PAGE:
Endometrial (Uterine) Cancer (cont.)
IN THIS ARTICLE
What Increases Your Risk
The biggest risk factor for endometrial cancer is having too much estrogen and not enough progesterone. This is called "unopposed estrogen." (Your body makes progesterone. Man-made progesterone, as in birth control pills or hormone therapy, is called a progestin.)
Long-term exposure to unopposed estrogen may occur as a result of:
Other things that increase your risk include:
If you are taking tamoxifen for breast cancer, keep taking it as directed by your doctor. But be sure to have a pelvic exam each year. The risk of endometrial cancer is less than the risk of getting breast cancer again. If you are worried about endometrial cancer risk, talk to your doctor. You might be able to use another medicine, instead of tamoxifen, for breast cancer.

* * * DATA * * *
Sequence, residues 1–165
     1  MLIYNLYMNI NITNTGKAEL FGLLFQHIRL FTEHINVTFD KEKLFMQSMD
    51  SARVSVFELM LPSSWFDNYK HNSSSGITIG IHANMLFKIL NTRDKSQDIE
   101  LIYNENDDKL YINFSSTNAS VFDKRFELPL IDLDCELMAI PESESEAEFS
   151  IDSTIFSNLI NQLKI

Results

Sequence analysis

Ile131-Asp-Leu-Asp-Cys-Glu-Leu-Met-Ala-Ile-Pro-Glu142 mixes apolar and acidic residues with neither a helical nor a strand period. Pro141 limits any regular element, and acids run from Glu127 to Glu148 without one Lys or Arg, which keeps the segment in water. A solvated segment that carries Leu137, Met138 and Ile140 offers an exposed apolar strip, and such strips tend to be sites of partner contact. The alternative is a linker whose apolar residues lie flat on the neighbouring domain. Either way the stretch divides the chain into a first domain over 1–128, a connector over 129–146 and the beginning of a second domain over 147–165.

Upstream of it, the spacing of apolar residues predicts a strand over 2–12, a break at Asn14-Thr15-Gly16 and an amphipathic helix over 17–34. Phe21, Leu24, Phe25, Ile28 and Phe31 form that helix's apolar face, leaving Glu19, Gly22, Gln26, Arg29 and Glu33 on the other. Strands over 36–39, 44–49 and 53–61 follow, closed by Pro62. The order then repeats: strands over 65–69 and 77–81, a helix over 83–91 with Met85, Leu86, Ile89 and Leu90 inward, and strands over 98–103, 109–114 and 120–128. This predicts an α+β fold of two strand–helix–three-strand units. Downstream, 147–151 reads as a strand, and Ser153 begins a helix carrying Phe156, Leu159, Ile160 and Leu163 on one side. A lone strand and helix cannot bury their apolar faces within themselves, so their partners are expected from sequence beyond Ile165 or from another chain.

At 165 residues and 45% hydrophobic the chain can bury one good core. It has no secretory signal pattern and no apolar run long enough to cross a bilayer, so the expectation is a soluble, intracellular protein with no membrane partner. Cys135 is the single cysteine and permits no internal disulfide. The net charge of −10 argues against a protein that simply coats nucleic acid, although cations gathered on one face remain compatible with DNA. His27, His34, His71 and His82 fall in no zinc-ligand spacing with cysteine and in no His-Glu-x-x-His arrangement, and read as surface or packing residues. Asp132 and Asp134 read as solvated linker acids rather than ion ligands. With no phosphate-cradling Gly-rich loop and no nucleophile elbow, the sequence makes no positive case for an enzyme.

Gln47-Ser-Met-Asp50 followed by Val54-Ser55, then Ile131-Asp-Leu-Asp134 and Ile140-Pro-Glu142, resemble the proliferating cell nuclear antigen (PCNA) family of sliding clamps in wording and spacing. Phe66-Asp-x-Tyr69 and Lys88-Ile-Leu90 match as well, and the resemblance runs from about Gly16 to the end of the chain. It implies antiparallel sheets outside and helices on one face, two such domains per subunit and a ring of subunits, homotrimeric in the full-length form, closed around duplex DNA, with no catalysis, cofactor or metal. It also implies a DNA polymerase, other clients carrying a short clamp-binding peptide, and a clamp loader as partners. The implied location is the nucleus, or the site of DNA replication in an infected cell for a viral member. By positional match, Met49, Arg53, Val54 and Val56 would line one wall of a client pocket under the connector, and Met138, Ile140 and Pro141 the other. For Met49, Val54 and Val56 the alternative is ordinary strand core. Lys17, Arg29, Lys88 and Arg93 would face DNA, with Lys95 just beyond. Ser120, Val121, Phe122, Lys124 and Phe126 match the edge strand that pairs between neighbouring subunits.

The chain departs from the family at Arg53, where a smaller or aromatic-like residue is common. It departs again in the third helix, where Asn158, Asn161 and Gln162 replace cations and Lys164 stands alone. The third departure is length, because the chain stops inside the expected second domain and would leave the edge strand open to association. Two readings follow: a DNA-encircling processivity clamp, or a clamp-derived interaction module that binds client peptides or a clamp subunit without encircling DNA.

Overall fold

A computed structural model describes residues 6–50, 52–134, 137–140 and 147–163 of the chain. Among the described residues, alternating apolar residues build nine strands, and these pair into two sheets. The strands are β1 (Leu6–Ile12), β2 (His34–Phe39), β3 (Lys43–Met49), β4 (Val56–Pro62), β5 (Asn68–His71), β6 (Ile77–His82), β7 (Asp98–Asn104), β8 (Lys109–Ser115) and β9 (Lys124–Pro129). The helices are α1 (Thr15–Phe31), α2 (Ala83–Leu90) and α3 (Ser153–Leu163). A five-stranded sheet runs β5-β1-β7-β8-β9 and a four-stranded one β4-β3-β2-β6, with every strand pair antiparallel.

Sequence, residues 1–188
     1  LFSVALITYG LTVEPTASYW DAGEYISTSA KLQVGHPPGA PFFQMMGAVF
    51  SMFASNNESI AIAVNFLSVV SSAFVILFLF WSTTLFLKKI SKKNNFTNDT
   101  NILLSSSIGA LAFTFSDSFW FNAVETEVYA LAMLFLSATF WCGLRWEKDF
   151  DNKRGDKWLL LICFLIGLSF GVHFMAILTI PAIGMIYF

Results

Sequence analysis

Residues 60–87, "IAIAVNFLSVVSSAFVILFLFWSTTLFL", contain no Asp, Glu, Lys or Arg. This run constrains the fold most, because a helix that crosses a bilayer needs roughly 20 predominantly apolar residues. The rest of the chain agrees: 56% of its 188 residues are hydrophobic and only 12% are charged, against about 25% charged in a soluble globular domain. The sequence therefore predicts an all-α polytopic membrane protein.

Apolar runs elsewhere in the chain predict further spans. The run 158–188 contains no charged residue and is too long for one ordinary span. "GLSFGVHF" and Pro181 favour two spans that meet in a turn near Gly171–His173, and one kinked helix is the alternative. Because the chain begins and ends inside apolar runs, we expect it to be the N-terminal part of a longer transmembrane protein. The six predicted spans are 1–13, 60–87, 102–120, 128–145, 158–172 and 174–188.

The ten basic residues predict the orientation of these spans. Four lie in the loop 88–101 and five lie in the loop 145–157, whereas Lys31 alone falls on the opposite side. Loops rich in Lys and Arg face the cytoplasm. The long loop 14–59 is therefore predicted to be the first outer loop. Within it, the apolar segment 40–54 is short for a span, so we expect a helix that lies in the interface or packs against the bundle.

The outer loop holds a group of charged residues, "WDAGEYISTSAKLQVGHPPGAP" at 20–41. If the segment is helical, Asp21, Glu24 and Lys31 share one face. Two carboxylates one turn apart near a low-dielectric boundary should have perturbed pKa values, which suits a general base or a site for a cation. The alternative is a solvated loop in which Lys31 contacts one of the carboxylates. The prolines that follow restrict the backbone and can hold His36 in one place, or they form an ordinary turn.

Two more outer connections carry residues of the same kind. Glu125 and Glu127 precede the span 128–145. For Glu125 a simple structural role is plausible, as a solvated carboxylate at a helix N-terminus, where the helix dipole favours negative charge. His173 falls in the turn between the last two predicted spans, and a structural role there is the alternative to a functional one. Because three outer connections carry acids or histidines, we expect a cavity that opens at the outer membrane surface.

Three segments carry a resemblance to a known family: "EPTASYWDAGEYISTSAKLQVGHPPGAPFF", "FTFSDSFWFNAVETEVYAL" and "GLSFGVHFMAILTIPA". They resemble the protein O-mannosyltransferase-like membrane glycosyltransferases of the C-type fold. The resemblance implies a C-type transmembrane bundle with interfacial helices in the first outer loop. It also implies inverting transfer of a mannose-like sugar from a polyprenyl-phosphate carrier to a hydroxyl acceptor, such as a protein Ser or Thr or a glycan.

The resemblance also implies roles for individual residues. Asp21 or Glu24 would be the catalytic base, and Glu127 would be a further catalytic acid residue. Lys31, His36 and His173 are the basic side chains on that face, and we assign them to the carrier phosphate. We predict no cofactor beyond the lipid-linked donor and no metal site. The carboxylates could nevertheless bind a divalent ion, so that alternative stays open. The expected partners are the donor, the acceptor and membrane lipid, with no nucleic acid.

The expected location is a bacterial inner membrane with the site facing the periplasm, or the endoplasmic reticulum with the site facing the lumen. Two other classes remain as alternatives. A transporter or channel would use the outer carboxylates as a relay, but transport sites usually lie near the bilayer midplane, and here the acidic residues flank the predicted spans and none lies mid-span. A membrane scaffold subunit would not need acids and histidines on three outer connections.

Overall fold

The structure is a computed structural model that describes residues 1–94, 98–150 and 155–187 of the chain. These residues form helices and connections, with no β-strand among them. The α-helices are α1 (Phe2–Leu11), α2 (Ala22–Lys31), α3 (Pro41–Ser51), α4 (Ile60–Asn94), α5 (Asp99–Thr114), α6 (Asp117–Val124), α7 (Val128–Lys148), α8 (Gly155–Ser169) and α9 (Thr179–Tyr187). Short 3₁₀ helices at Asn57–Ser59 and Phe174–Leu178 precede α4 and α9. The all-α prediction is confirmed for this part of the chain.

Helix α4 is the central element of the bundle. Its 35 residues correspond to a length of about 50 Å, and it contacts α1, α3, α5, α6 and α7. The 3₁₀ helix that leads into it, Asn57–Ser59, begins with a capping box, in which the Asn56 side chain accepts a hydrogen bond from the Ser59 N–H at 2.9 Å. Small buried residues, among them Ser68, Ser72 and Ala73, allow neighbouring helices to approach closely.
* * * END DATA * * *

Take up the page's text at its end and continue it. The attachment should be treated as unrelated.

Endometrial cancer has been linked to hereditary nonpolyposis colon cancer (HNPCC). In women, this cancer often starts in the uterus and ovaries before it grows in the colon. The American Cancer Society recommends that a woman with a family history of HNPCC talk to her doctor about annual screenings with endometrial biopsy, starting at age 35.4
Reducing your risk
There are some ways to help you lower your risk for endometrial cancer.
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